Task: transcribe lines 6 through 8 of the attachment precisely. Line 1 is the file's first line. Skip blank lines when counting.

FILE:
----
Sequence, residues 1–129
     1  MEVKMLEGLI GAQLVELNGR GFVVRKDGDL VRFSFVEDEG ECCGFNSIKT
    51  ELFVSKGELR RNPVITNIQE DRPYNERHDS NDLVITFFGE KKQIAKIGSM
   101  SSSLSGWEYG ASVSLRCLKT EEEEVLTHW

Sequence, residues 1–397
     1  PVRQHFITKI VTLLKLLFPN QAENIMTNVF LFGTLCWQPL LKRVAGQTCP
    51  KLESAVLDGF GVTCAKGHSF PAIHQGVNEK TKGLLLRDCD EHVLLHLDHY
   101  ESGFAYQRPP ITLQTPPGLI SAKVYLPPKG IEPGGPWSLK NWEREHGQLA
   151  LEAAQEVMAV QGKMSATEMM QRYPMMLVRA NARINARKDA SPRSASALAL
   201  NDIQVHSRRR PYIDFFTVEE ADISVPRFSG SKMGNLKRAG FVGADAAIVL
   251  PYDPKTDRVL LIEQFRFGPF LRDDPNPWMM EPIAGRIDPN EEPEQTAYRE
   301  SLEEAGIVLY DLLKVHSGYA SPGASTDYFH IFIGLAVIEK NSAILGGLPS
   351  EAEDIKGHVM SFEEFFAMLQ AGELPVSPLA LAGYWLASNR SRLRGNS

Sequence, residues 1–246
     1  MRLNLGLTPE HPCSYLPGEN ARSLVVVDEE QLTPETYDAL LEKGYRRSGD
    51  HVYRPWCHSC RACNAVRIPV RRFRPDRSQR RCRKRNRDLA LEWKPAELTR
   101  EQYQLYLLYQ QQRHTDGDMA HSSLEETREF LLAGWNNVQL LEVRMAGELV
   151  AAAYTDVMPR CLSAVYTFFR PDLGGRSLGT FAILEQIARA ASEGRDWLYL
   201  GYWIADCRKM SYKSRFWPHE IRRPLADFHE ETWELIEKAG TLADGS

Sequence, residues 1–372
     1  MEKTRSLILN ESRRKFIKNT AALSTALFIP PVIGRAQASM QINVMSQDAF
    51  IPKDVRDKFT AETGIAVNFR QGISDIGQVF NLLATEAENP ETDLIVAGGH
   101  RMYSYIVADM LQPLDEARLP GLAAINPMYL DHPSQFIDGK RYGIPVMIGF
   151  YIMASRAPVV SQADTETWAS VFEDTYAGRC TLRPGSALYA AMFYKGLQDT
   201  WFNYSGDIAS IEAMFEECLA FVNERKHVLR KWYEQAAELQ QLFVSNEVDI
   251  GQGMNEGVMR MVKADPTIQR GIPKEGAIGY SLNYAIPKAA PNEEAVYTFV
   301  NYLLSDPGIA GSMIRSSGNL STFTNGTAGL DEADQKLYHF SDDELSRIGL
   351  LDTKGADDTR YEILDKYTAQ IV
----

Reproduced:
     1  PVRQHFITKI VTLLKLLFPN QAENIMTNVF LFGTLCWQPL LKRVAGQTCP
    51  KLESAVLDGF GVTCAKGHSF PAIHQGVNEK TKGLLLRDCD EHVLLHLDHY
   101  ESGFAYQRPP ITLQTPPGLI SAKVYLPPKG IEPGGPWSLK NWEREHGQLA